The incidence of “female breadwinner” households is slowly rising with women out-earning their male partners in nearly a quarter of long-term relationships.
The Household Income and Labour Dynamics in Australia survey finds the growth in the number of dual-earner families represents a challenge to the “traditional male-breadwinner model that underpins many economic and social institutions in this country.”
The study shows the incidence of female breadwinner households (in which the woman earns ten per cent more than her male partner) has increased from about 23 per cent in the early 2000s to nearly 25 per cent in the 2010-11 financial year. It had previously peaked at 26 per cent in the 2008-09 financial year when many male dominated jobs were under pressure as a result of the global financial crisis.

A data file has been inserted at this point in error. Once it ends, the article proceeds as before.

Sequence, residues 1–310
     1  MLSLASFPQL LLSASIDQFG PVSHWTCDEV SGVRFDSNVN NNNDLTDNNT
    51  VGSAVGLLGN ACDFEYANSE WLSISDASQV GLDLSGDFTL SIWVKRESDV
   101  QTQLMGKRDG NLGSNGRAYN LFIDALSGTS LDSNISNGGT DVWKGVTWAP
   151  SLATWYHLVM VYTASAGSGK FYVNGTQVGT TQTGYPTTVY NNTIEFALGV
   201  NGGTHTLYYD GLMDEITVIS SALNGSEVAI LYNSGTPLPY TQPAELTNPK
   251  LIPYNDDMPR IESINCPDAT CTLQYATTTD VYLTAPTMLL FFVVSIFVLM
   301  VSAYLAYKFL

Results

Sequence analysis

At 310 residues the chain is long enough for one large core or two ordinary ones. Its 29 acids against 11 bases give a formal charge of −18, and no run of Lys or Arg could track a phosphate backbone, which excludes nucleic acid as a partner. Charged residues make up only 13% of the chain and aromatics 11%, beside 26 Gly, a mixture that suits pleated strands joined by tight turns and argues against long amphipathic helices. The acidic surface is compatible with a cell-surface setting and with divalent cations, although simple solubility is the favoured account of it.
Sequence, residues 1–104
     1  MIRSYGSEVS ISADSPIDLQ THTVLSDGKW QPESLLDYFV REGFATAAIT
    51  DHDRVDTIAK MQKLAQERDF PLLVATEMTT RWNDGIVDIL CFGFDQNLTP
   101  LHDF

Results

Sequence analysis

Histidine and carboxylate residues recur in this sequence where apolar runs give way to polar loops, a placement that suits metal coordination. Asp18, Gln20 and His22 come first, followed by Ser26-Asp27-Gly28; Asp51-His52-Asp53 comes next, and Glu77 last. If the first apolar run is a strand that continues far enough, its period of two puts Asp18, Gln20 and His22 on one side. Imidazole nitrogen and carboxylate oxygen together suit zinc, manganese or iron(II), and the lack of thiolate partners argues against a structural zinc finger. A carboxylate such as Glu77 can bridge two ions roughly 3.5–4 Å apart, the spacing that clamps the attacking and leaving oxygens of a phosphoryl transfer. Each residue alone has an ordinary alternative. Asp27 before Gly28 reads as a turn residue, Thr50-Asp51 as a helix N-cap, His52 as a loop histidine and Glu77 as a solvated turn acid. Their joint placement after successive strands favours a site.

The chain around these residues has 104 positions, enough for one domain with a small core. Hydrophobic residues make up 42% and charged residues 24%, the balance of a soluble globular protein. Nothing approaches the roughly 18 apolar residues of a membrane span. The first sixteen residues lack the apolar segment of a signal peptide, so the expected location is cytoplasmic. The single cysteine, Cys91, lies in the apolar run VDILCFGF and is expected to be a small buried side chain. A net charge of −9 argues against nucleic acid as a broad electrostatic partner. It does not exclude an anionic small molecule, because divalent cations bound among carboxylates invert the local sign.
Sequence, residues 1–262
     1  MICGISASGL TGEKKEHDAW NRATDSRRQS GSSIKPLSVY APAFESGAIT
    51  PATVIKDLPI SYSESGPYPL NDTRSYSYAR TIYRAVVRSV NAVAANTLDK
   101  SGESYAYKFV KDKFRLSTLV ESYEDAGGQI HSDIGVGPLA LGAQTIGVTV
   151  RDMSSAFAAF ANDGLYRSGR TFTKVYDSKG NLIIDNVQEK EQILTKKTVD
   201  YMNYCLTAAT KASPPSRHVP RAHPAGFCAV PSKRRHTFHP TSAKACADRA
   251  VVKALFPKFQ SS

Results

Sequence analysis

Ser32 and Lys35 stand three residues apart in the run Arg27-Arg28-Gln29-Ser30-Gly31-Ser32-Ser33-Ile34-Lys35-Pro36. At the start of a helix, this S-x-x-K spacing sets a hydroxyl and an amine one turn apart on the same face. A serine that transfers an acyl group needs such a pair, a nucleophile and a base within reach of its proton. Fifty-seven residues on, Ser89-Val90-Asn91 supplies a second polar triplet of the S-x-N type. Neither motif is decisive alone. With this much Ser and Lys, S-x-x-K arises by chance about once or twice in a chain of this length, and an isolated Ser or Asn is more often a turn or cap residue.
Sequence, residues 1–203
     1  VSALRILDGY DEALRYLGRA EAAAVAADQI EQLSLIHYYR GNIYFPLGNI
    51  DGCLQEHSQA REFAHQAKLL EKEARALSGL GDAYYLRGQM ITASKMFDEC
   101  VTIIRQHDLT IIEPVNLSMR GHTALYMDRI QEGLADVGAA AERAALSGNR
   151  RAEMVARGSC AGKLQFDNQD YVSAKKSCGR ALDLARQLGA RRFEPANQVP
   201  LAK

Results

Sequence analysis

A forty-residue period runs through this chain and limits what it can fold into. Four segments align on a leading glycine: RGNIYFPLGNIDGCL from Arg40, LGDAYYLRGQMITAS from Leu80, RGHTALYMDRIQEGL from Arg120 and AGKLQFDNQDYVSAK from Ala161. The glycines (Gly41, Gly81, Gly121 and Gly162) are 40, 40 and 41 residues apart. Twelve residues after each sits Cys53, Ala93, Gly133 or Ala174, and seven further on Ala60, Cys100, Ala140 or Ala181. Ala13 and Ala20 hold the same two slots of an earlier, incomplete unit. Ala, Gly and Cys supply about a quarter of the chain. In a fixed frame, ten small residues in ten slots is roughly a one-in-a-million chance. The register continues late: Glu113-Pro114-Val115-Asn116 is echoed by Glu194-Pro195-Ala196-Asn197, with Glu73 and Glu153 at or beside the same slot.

Similarly, the incidence of males being the primary breadwinner has declined from 70.1 per cent in 2000-01 to 68.5 per cent in 2010-11.
Females who earn more are more likely to hold a university degree and work in a managerial position than their male partners. However, they are less likely to have dependent children than men who are the primary breadwinners, suggesting the slow trend towards female breadwinners could be at the expense of more children.
In male breadwinner households, women tend to work substantially fewer hours per week at about 19.5 hours compared to about 43.1 hours for men. In female breadwinner households the male and female worked about the same hours, reflecting women’s higher hourly earnings and education levels.
The survey also shows that both the man and woman work full time hours in about one third of households. In another 30 per cent of couple households, the man works full time while the woman works part time.